IFC, equity firms invest P12 billion in Cebu Pacific
The fresh fund would aid the airline in withstanding the impact of COVID-19 while opportunities in travel and tourism remain uncertain.
Cebu Pacific Air website

IFC, equity firms invest P12 billion in Cebu Pacific

Louise Maureen Simeon, Richmond Mercurio (The Philippine Star) - May 11, 2021 - 12:00am

MANILA, Philippines — Budget carrier Cebu Pacific has secured $250 million (P12 billion) through the issuance of convertible bonds to the private sector arm of the World Bank Group and an American private equity firm.

The fresh fund would aid the airline in withstanding the impact of COVID-19 while opportunities in travel and tourism remain uncertain.

In a statement yesterday, the International Finance Corp. (IFC), the IFC Emerging Asia Fund, and the local affiliate of Indigo Partners LCC said they poured in $250 million in the form of convertible bonds for Gokongwei-owned Cebu Pacific.

IFC is the private arm of Washington-based World Bank while the IFC Emerging Asia Fund is a private equity fund that invests across all sectors in emerging markets in Asia.

Arizona-based Indigo Partners, on the other hand, through Indigo Philippines LCC is a private equity firm that pursues acquisitions and strategic investments in the air transportation and related industries.

The investment is seen providing Cebu Pacific with a longer liquidity runway to help the company withstand the effects of the pandemic until economic activity and travel demand recovers.

The tourism and aviation industries suffered the most from the pandemic as the lockdown measures restricted travel across the globe.

IFC country manager Jean-Marc Arbogast said maintaining low-cost travel services is essential in an island nation like the Philippines, and airlines will play a critical role in driving the country’s economic recovery.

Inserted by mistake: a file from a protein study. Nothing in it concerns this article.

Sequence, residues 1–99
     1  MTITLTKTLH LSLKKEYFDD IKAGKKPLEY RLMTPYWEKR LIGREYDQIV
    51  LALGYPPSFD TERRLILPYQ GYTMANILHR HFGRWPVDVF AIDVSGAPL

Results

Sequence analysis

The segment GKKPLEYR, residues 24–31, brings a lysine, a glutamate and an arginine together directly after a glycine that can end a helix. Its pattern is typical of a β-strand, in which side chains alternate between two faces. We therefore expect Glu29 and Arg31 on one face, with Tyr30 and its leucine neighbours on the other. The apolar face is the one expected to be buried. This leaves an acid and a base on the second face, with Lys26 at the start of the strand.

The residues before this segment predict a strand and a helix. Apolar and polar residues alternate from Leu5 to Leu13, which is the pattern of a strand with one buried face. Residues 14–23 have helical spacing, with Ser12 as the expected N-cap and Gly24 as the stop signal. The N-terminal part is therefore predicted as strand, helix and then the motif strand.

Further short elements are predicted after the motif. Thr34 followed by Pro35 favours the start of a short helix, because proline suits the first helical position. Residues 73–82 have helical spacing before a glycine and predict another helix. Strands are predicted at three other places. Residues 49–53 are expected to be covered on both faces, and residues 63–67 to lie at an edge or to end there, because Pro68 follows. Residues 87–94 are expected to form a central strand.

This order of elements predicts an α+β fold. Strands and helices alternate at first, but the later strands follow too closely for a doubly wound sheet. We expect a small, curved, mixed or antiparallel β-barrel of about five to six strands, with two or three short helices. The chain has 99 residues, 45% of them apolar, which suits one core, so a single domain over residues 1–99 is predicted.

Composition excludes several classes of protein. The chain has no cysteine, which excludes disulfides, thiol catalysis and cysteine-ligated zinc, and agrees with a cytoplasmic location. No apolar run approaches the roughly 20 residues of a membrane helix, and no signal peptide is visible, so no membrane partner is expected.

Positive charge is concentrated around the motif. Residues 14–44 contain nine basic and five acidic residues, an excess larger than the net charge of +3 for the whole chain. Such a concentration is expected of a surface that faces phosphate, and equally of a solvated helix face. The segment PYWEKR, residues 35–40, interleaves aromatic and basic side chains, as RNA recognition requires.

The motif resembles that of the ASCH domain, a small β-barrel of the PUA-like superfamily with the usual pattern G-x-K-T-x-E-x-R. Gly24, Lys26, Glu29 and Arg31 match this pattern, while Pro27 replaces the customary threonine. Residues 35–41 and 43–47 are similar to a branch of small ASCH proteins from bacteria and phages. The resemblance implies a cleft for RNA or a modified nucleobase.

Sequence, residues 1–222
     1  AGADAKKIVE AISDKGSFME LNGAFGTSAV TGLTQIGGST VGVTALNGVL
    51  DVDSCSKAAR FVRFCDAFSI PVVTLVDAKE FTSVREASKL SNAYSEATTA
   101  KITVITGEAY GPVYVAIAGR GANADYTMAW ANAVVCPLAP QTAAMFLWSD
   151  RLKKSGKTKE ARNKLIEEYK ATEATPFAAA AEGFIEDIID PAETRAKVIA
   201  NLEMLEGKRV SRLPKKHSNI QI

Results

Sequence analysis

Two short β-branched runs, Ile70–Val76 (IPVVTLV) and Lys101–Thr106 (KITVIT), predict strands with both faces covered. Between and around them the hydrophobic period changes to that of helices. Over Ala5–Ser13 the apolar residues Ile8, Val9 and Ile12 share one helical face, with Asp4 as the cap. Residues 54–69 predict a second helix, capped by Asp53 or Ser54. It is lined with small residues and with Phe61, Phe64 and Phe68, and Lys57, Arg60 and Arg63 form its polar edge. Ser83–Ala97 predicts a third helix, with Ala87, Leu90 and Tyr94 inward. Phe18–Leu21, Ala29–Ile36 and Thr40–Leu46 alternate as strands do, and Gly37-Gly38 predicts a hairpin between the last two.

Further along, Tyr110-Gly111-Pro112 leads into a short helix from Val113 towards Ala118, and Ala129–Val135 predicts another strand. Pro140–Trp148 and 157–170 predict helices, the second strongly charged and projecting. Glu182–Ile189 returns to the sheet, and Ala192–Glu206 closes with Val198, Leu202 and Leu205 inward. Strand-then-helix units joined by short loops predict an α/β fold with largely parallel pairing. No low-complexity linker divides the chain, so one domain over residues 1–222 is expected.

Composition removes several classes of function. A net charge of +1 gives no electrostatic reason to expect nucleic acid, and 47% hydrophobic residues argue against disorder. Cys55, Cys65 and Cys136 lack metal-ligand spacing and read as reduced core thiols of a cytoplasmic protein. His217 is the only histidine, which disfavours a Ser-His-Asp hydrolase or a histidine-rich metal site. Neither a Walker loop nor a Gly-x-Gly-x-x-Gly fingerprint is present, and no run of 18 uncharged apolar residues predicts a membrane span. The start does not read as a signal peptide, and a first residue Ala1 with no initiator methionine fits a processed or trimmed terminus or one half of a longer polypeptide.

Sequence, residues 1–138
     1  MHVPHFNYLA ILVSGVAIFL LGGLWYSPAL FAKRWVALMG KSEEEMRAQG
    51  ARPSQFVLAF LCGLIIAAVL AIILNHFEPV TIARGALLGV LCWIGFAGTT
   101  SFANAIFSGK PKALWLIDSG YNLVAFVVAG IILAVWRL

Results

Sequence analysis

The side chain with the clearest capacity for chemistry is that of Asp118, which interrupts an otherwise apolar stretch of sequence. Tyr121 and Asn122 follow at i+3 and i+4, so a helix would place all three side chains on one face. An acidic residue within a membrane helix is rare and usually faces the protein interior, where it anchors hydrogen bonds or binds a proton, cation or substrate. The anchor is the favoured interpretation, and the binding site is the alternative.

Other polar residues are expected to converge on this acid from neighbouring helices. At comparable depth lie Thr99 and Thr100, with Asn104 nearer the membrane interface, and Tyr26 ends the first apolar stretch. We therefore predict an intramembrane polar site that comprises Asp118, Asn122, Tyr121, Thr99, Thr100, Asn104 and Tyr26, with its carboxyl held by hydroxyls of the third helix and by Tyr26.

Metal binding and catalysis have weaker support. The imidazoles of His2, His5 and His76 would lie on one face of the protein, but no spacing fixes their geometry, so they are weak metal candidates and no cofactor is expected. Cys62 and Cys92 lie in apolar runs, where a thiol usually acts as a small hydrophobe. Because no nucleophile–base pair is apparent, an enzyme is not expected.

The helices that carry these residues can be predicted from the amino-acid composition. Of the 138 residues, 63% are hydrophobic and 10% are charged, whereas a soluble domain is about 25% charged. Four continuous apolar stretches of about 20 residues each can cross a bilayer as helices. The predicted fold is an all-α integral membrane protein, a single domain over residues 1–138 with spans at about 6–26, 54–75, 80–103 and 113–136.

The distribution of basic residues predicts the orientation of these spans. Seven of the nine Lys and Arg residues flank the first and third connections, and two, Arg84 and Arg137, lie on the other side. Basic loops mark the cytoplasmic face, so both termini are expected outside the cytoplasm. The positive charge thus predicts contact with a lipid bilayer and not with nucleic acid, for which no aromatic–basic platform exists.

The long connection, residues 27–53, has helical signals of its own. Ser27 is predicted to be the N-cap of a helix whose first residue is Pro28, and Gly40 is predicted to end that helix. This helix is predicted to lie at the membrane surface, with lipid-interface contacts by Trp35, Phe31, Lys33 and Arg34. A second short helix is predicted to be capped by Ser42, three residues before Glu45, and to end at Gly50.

“Cebu Pacific will play a leading role in that recovery, providing connectivity and jobs, preventing disruptions in supply chains, and supporting the tourism sector at a time when it’s needed most,” Arbogast said.

Further, the investment targets to maintain trade and the competitiveness required to provide affordable transportation where maritime transport alone cannot address the connectivity needs of people, goods, and services.

Indigo Partners, for its part, said there are growth opportunities ahead as travel demand would increase post-pandemic.

Lance Gokongwei, president and CEO of Cebu Pacific, said the partnership would help improve the business and accelerate its sustainability agenda.

Being an archipelago, the Philippines is heavily reliant on air travel, with the tourism sector accounting for more than 12 percent of the country’s gross domestic product.

Globally, air travel supports 87.7 million jobs and contributes $3.5 trillion to the world economy.

IFC has been investing in private sector-owned airlines in emerging markets. Projects with low-cost carriers include those in Brazil and Mexico, among others.

Meanwhile, Indigo Partners is focused on the aviation sector with current investments with Frontier Airlines in the US, Volaris in Mexico, Wizz Air in Europe and JetSMART in Chile.

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